Narrated by John Krasinski, Disneynature’s new true Life Adventure film Born In China takes an epic journey into the wilds of China where few people have ever ventured. Following the stories of three animal families, the film transports audiences to some of the most extreme environments on Earth to witness some of the most intimate moments ever captured in a nature film. A doting panda bear mother guides her growing baby as she begins to explore and seek independence. A two-year-old golden snub-nosed monkey who feels displaced by his new baby sister joins up with a group of free-spirited outcasts. And a mother snow leopard-an elusive animal rarely caught on camera-faces the very real drama of raising her two cubs in one of the harshest and most unforgiving environments on the planet. Featuring stunning, never-before-seen imagery, the film navigates China’s vast terrain-from the frigid mountains. KIDS FIRST! Film Critic Benjamin P. comments, “I love the visual splendor of this film and I am still in awe from some of the shots of the vast Chinese landscape.” Morgan B. adds, “Adorable, cuddly, fierce, cunning and hilarious animals all have one thing in common – they all put a tingle in my heart!” See their full reviews below.
Born in China
By Benjamin P, KIDS FIRST! Film Critic, Age 11
Born in China is a beautifully shot documentary with fun narration, excellent cinematography and an inspiring story. I love the visual splendor of this film and I am still in awe from some of the shots of the vast Chinese landscape.
Narrated by John Krasinski (NBC’s The Office, Amazon’s Jack Ryan), Born in China chronicles the lives of three animals: Ya Ya, a giant panda who lives surrounded by bamboo and peace with her growing cub, the mischievous monkey Tao Tao who yearns for attention after the birth of his baby sister and later joins a group of outcasts, and the snow leopard Dawa struggling to protect her cubs from predators in harsh conditions. The film also follows the journey of a herd of chiru as they migrate to give birth to their young.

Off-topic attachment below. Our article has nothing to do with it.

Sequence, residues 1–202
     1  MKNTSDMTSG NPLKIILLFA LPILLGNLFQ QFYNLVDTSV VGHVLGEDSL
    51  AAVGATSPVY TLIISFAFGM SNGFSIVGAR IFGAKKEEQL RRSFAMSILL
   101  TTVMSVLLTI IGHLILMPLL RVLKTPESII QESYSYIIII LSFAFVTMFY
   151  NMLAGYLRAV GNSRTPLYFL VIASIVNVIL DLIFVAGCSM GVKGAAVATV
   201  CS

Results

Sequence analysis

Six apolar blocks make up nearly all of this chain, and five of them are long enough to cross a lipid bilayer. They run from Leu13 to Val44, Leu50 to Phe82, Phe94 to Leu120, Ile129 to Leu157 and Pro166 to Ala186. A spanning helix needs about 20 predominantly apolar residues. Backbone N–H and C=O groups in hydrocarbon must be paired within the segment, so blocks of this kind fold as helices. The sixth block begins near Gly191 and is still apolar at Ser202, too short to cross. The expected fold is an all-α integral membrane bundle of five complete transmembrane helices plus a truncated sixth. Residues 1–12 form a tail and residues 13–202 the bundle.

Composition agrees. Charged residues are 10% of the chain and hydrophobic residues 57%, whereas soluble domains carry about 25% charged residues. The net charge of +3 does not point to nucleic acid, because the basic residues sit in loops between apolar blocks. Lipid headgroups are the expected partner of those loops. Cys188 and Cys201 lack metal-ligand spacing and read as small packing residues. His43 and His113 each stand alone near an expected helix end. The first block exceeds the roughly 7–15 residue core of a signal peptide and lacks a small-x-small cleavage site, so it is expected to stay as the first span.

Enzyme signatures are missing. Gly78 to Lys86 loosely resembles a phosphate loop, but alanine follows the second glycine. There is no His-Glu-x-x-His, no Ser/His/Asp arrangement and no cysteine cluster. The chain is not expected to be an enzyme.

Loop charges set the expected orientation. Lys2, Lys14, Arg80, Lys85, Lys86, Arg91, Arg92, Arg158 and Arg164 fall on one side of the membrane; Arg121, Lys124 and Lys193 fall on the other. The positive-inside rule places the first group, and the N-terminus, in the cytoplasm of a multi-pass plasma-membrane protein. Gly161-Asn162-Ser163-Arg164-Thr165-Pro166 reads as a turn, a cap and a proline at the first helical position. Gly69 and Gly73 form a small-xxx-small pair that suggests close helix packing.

Born in China is one of the rare films that perfectly captures the magic and excitement of nature on screen. Not only does it have footage of some of the cutest animals on earth, but you really get to know some of the animals and their personalities. Also it has great shots of the stunning landscape of China that you’re not going to find in any other movie.
John Krasinski is very versatile in his role as narrator. He knows his young audience well and adds some fun dialogue to make it more appealing to them. His narration also goes very well with what is going on onscreen and is key in helping you understand the animals. One flaw is that the subplot with the chiru feels unneeded. Unlike other storylines, there is no main character to gravitate toward or follow. It feels like extra baggage that overcrowds the movie.
One of the best parts is that it demonstrates the animals showcasing basic values we see in society today. The lesson I took away is that the importance of family outweighs everything else, no matter what situation you’re in. Tao Tao goes to roam with The Lost Boys because he can’t find attention at home but later he learns that those who care for you will be there when you need them.
I recommend this film for ages 4 to 18. It’s pretty much suited for all ages, but some animal violence makes it a unsuitable for very young children. It also will be very much enjoyed by adults. I give Born in China 3.5 out of 5 stars. It arrives in theaters just in time for Earth Day, April 22, 2017. Don’t forget to stay for the credits for a series of bloopers and outtakes.